Using animal bones in sculptures

Posted on | 1/19/11 | No Comments

Skulls and Bones: A Guide to the Skeletal Structures and Behavior of North American Mammals
Incorporating animal bones into your art piece may serve as an interesting way to make a statement or start a conversation about topics that might not otherwise come up. Because of the nature of bones (and really any bodily fluid or part), a great deal of significance is typically attributed to pieces that use them, whether that was the artist's intention or not. This is something to consider before you begin. Expect that your piece will automatically make a "statement" on a subject if there is a natural connection. Use this to your advantage by making a meaningful piece of art.

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How to paint in sepia

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Vere Foster's painting for beginners: Facsimiles of original studies in sepia
A course of sepia painting: First series
Sepia, an interesting style done in shades of brown, is most commonly seen in photographs and some colored pencil drawings, but it can be particularly effective and attractive in painting. The most difficult part of painting in sepia tones is finding or mixing the colors, otherwise it would be virtually identical to converting colors to shades of gray. The major difference being that instead of black you will have the darkest red-orange-brown shade at one end of the scale and white at the other.

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Creating an animated movie.

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Artograph 10-Inch-by-12-Inch LightTracer Light BoxPoser 7 3D Figure Design and Animation (Win/Mac) [OLD VERSION]Drawing Cartoons and Comics For DummiesCreating an animation is a simple but labor intensive process. Be prepared to spend days, weeks, months or even years drawing (either by hand or using a digital application) to make an animation that lasts only a few seconds. While it can be a bit of a hassle it can be a satisfying experience to create an animation like those of Hayao Miyazaki, creator of My Neighbor Totoro, or Walt Disney.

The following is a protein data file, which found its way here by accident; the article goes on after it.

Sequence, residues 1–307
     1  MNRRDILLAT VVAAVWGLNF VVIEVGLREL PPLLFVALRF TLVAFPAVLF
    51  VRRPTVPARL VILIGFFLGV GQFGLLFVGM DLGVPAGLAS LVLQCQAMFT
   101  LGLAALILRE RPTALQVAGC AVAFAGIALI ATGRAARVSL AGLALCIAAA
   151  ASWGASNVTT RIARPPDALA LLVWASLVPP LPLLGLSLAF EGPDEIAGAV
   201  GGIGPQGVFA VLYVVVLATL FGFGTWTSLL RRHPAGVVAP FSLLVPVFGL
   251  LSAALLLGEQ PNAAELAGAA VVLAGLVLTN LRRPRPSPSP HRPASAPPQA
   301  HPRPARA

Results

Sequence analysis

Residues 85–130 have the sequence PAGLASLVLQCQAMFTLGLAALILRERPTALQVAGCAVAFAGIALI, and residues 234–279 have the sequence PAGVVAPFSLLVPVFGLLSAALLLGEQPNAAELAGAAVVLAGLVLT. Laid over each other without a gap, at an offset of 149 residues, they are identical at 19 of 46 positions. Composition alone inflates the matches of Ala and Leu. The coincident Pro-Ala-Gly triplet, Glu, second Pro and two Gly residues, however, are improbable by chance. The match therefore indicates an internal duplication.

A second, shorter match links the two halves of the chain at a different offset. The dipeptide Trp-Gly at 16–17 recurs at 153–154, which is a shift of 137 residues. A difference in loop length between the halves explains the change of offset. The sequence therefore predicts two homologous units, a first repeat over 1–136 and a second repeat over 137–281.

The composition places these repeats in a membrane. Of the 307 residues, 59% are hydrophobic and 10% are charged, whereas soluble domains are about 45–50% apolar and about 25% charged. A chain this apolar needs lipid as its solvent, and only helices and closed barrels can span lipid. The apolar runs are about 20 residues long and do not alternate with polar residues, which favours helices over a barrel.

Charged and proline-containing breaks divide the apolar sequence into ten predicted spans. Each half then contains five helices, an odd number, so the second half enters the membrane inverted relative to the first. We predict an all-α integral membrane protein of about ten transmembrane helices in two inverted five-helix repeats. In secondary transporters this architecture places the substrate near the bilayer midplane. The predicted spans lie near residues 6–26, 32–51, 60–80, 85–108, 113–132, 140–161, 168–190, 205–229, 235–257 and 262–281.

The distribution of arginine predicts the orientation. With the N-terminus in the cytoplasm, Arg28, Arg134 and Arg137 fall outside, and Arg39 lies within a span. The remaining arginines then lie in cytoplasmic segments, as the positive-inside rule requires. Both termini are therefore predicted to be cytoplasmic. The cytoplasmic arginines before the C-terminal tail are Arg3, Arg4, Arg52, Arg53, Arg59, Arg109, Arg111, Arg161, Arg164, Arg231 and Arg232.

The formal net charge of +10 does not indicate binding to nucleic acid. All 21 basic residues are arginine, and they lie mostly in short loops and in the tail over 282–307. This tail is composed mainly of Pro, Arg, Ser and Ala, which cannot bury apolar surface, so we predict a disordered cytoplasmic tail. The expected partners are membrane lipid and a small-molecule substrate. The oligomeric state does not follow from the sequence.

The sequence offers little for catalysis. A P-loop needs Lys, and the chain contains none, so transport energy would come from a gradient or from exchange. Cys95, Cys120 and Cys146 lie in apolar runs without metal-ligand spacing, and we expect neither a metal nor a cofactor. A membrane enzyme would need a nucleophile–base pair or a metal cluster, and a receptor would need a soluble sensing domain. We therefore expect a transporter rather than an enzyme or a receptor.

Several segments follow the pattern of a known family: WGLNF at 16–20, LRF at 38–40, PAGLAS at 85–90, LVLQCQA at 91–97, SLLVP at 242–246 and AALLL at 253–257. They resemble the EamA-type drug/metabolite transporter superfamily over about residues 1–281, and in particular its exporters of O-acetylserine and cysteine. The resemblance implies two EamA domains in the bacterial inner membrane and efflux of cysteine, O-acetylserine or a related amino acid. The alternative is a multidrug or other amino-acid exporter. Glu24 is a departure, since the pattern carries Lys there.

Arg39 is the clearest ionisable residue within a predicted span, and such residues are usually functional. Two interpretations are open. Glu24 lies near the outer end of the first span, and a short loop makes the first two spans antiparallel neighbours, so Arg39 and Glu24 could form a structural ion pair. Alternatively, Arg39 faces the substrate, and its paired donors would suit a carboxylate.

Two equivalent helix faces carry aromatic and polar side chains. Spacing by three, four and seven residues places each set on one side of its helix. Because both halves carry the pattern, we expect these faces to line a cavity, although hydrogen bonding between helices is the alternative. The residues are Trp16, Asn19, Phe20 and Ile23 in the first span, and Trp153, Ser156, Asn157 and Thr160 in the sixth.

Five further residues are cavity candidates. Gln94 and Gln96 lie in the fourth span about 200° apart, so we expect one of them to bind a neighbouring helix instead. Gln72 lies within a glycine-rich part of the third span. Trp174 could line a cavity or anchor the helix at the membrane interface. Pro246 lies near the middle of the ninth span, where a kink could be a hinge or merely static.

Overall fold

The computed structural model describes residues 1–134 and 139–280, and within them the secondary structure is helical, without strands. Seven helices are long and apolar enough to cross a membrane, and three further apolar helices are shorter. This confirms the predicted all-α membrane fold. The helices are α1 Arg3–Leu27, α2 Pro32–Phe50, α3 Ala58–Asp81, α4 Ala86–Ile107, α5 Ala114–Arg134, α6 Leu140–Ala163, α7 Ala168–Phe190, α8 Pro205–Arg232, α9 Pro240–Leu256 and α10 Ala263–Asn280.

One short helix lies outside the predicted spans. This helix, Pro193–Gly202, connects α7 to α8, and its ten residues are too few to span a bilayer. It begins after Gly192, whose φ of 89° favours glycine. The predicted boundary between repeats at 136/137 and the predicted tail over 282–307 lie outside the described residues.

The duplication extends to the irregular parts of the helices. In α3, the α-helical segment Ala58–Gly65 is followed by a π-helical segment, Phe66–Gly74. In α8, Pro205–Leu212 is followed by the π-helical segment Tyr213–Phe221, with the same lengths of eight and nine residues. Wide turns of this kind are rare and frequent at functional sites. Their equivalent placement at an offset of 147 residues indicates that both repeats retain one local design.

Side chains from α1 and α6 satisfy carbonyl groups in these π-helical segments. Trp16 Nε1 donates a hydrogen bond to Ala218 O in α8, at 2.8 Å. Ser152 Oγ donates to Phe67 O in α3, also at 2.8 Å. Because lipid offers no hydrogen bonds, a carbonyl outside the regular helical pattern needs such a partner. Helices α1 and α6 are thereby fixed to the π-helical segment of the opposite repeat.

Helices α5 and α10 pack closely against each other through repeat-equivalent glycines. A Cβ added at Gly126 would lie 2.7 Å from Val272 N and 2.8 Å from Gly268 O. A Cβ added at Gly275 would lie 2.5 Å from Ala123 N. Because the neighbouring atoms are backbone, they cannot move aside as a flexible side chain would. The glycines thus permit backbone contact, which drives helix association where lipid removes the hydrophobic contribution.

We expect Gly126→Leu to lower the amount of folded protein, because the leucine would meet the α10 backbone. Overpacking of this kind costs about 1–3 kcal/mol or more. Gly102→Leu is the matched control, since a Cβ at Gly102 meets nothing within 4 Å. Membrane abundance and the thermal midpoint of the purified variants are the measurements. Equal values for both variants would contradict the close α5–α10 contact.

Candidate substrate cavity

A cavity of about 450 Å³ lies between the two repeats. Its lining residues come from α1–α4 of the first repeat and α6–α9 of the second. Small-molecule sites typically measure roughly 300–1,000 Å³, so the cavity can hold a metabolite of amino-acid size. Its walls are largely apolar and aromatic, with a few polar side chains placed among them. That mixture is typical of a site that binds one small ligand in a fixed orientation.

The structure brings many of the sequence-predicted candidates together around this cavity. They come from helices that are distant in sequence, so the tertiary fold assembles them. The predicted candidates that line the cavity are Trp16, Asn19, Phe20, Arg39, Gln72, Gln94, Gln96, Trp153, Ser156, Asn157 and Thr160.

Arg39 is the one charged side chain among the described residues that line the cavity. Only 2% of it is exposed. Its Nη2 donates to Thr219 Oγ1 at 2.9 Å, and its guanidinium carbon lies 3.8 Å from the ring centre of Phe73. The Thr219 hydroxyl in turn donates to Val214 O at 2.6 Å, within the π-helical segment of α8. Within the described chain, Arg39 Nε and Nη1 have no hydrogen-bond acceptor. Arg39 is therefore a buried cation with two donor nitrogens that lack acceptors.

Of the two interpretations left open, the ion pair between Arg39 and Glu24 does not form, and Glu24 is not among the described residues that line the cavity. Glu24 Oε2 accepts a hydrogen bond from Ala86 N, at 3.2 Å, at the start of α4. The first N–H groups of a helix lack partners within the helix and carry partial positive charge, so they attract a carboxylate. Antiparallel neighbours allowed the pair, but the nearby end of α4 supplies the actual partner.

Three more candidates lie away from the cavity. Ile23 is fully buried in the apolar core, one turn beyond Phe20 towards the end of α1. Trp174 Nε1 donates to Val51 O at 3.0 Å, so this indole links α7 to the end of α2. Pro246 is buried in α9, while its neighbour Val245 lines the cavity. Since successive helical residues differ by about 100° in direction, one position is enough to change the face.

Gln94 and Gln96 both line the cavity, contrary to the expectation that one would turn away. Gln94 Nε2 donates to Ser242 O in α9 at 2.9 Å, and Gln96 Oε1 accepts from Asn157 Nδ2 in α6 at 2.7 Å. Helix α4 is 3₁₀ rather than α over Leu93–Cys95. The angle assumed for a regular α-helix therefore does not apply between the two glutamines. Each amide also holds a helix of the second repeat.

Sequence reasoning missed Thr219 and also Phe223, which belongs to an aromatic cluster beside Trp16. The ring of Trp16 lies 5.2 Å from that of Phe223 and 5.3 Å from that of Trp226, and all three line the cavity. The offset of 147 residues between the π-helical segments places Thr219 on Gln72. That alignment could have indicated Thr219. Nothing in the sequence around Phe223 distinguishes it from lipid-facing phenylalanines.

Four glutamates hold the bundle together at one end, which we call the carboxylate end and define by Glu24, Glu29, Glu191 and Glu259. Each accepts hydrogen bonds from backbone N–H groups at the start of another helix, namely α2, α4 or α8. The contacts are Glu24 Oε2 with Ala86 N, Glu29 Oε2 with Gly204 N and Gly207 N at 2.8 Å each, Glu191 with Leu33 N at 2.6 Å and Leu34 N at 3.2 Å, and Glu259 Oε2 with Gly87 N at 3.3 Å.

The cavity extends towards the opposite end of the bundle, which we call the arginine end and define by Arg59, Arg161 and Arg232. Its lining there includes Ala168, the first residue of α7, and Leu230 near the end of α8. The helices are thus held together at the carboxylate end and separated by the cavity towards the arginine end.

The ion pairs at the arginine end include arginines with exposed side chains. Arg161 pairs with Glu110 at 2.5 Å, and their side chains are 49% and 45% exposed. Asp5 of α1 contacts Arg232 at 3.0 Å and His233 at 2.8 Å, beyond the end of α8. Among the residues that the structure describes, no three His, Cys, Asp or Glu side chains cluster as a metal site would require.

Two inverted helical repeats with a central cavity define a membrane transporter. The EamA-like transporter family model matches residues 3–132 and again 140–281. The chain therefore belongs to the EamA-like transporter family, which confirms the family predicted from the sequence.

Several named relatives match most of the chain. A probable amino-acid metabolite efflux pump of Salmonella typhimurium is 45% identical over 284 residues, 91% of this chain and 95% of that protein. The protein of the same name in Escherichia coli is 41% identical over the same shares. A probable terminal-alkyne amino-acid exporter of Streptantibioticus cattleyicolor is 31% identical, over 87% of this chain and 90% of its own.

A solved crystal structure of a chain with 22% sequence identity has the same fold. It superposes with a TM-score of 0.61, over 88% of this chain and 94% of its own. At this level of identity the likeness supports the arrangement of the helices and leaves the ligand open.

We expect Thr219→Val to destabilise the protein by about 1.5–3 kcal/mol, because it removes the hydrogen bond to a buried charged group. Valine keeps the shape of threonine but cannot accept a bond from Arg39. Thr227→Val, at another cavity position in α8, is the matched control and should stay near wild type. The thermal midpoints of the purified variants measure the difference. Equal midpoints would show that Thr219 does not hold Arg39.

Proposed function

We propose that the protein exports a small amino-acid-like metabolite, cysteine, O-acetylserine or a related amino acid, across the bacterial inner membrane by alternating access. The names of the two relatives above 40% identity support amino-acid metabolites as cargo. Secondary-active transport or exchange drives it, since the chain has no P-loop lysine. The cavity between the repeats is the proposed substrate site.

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Integrating art into a college prep curriculum

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Human Anatomy for Artists: The Elements of FormOftentimes, arts education falls to the wayside when it comes time for students to prepare for college. Art programs are usually the first to be trimmed from budgets, although statistics show that students that participate in the arts (e.g., music, theater, dance and visual art) are more likely to succeed in school. Susan Sclafani, a former U.S. Assistant Secretary for Vocational and Adult Education, considers art education to be "Vital to young people's success in school and in life." The arts can be integrated with even an ambitious college preparatory course with relative ease.

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What is the nature of art?

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The Philosophy of Art (Foundations of the Philosophy of the Arts) Aesthetics and the Philosophy of Art: The Analytic Tradition: An Anthology (Blackwell Philosophy Anthologies)What is the nature of art?
It seems that there are two different views from which to approach contemporary art. You have one side where all people expect is essentially a pretty image that they can use to decorate space or a wall. On the other hand there is a sort of expectation, in what you could call the more "real art" world, of "deep" meaning being embedded into a piece of art, when in reality that "meaning" is imposed by an external source (by the viewer, reviewer, gallery, etc). I think that this is a throwback to one of the original uses of art (or what we now call art) as a means to show God, for example the prototypical Venus: a wide hipped mother Goddess with pendulous breasts. She was not "art" to the people who made her, but a visual reminder or representation of their gods. Now however, this human tendency to add meaning where there is none is taken advantage of by hustlers and salespeople who market art for the masses. Despite this easily manipulated trait, the art world remains active and possibly because of these hustlers, it remains fresh and ever changing.

A friend once told me that conceptual art is what is made by writers with no talent. I think this is an interesting concept. "Bullshit" is well known facet of the art world. You can find it everywhere from the titles of pieces to excessively long and detailed descriptions of the art and even in how people speak about it. Strangely enough, talent is not a prerequisite for becoming an artist. It is more important for the creator to speak or write well and have the skill to communicate ideas. Essentially the making of art is the practice of making ideas tangible and in some cases physical.